When I think of the term “supermom” I’m reminded of a dad at a BBQ I attended years ago, when I was in my 20’s. He had given this unwarranted and unsolicited advice to anyone listening: “Don’t do too good of a job cooking and always tell your wife she’s the best at it – that way, you’ll never have to do the work yourself.”
Are we, as modern mothers, innate heroines? Or are we doing far more than our fair share at home, with the kids, and at work?
After several waves of feminism aimed at stemming the pay gap and providing choice to women around how we spend our time juggling work and care, in 2022 we are still behind by nearly 2 million jobs, and a woman makes just 69 cents on a man’s dollar. A 2020 New York Times article found that American women perform an average of four hours of unpaid work per day compared to men’s two-and-a-half hours. Additionally, Ohio State University shared a report that burnout is a public health issue among parents, and mothers are the most at risk.
In her New York Times essay entitled It’s 2021. Why is ‘Supermom’ Still Around?, Lisa Selin Davis writes: “Many Gen-X women, some the daughters of feminist activists of the 1970s who fought for the right to work outside the home (and be paid equally for it), grew up believing they should work full-time while also overseeing everything in the domestic sphere, with very little support in the form of legislation that might facilitate this zeitgeist shift, like subsidized child care or paid family leave.”
It comes as no surprise that American mothers still subsidize both.
These same women just lived through a pandemic that bore out the frustrating reality that when care became a global priority, it was women’s professional investments that weren’t protected. And yet they (we) were expected to become super-caring machines, sidelining and sometimes forfeiting the investment and progress we’d made in our careers. It didn’t help that the Biden administration’s Family Rescue Plan calling for federal paid leave and childcare subsidies was sidelined by lawmakers in early 2022.
It’s easy and cheap to call moms “super” to acknowledge all that we’re carrying, but the flattery is falling flat.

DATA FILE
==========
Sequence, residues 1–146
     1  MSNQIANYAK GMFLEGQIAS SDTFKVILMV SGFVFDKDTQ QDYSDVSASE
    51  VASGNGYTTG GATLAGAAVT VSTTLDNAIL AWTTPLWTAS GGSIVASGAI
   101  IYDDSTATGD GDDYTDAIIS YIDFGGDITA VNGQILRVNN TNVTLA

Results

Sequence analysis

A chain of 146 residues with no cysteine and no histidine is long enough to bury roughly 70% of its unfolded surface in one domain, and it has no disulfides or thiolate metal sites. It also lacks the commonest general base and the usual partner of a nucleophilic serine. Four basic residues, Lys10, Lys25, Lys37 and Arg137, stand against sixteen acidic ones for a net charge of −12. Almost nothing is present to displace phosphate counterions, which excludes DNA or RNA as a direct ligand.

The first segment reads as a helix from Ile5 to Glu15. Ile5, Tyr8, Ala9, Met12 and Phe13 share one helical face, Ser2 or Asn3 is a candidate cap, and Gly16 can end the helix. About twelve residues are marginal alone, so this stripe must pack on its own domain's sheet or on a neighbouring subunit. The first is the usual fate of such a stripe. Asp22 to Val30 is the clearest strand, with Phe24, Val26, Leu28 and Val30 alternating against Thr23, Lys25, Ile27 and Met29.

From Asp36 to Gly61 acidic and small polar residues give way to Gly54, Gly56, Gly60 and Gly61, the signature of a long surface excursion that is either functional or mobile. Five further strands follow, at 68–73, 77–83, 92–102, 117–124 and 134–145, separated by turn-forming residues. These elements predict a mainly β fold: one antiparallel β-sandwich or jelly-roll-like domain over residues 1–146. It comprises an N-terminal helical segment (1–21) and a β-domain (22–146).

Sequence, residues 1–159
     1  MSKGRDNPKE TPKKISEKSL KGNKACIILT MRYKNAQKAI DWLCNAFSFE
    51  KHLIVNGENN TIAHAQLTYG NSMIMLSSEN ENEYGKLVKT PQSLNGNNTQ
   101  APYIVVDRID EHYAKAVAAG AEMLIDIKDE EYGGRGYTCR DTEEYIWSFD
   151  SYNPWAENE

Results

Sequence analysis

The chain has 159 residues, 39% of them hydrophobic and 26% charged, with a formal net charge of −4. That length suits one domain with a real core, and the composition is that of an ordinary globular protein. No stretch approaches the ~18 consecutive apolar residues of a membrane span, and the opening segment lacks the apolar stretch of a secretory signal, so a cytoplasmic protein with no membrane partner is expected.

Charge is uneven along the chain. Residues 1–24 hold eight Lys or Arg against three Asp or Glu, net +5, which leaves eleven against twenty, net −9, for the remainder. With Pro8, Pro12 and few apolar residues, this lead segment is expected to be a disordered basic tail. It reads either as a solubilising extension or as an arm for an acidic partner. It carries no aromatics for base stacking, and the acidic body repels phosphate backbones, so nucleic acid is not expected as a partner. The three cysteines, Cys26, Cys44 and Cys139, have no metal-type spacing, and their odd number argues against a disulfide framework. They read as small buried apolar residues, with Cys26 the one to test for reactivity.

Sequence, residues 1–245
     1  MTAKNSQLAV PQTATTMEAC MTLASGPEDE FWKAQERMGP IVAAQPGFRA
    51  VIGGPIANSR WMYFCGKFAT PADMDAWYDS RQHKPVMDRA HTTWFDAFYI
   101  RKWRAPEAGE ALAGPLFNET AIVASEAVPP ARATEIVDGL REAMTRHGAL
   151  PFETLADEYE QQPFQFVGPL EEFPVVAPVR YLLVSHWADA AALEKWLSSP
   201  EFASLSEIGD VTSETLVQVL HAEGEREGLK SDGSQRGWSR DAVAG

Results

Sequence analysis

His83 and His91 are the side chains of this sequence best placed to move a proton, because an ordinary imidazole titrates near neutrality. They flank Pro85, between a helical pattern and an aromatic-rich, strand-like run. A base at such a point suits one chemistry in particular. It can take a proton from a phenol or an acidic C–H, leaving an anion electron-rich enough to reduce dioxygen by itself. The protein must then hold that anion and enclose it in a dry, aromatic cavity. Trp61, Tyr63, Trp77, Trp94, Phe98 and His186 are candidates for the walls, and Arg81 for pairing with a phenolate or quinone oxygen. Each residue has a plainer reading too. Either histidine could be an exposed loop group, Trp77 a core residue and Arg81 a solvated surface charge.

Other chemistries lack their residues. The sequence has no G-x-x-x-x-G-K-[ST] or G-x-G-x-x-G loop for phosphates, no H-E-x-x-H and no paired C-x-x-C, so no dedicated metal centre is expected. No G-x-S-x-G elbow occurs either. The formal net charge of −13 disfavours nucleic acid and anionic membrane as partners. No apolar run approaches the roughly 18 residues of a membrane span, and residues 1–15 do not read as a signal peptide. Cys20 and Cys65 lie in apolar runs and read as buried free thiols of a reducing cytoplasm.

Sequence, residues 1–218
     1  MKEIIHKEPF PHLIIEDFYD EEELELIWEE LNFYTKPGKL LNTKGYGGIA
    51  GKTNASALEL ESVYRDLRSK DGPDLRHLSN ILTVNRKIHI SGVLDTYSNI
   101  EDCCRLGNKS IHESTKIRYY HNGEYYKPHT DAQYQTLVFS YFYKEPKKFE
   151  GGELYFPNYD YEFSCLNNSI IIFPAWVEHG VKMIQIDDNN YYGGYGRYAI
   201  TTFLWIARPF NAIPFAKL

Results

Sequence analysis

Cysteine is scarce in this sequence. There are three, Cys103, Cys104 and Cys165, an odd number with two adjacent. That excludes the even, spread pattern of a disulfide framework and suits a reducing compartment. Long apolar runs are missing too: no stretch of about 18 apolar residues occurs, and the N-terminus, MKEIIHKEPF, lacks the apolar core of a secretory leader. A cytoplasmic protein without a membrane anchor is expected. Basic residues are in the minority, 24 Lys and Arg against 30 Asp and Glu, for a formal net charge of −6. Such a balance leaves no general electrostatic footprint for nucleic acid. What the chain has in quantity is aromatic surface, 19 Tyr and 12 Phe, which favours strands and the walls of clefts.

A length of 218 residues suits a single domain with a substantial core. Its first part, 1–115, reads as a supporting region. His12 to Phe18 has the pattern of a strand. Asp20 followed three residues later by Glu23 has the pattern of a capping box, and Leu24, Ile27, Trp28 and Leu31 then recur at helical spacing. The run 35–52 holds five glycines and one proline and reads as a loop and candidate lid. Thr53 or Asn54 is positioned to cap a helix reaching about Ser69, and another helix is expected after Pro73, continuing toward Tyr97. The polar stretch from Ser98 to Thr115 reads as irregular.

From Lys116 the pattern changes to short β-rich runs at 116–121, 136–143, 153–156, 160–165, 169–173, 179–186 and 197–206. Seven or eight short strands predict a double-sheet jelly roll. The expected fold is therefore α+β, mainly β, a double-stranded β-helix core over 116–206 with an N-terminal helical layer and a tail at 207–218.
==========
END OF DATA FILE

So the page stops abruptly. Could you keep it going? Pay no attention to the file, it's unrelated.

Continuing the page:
As a leader of two motherhood communities, @totumwomen and @chamberofmothers, I hear hundreds of thousands of mothers begging for support.
Thought leaders like Reshma Saujani are asking that mothers get “paid up” for the time we spend caring for our families, which is currently set up at odds with our ability to spend time uninterrupted at work.
Eve Rodsky is encouraging those of us in CIS-hereto relationships to invite our partners to share the household labor – but it’s hard not to resent the expectation that we be the ones to lead that shift. It’s also maddening that we’re taking up the mantle that our mothers and grandmothers took up before us, over the very same issues.
Dr. Hillary Goldsher, PSY.D, MBA and mother of two has a lot to say about the idea of the “supermom” based on how she sees this archetype impact her patients: “The very idea of a supermom suggests that mothers can accomplish things that are beyond regular human capacity. But that just isn't true. Moms pay a toll in the form of depression, anxiety, shame, and a chronic sense of failure when they’re stretched too thin. We don't need supermoms. We just need real moms who take care of themselves, who get support.”
Maybe there should be a new badge? One for the superdad, partner, legislator – anyone who shows up for mothers and families consistently… even when it’s inconvenient.
And then all the supermoms can take a super-nap.
Erin Erenberg is a mom of three, attorney, serial business builder, fund advisor, and the founder and CEO of Totum, an advocacy firm for modern mothers at the intersection of ambition and motherhood. She is also a co-founder of the Chamber of Mothers and serves on the Equitable Business Council for Have Her Back. Before launching Totum, Erin practiced as an IP attorney for Moore & VanAllen and SESAC, served as the Executive Director of ACM Lifting Lives, ran business development for social impact-driven tech firms Indiegogo and Omaze, and worked as an agent for William Morris Endeavor.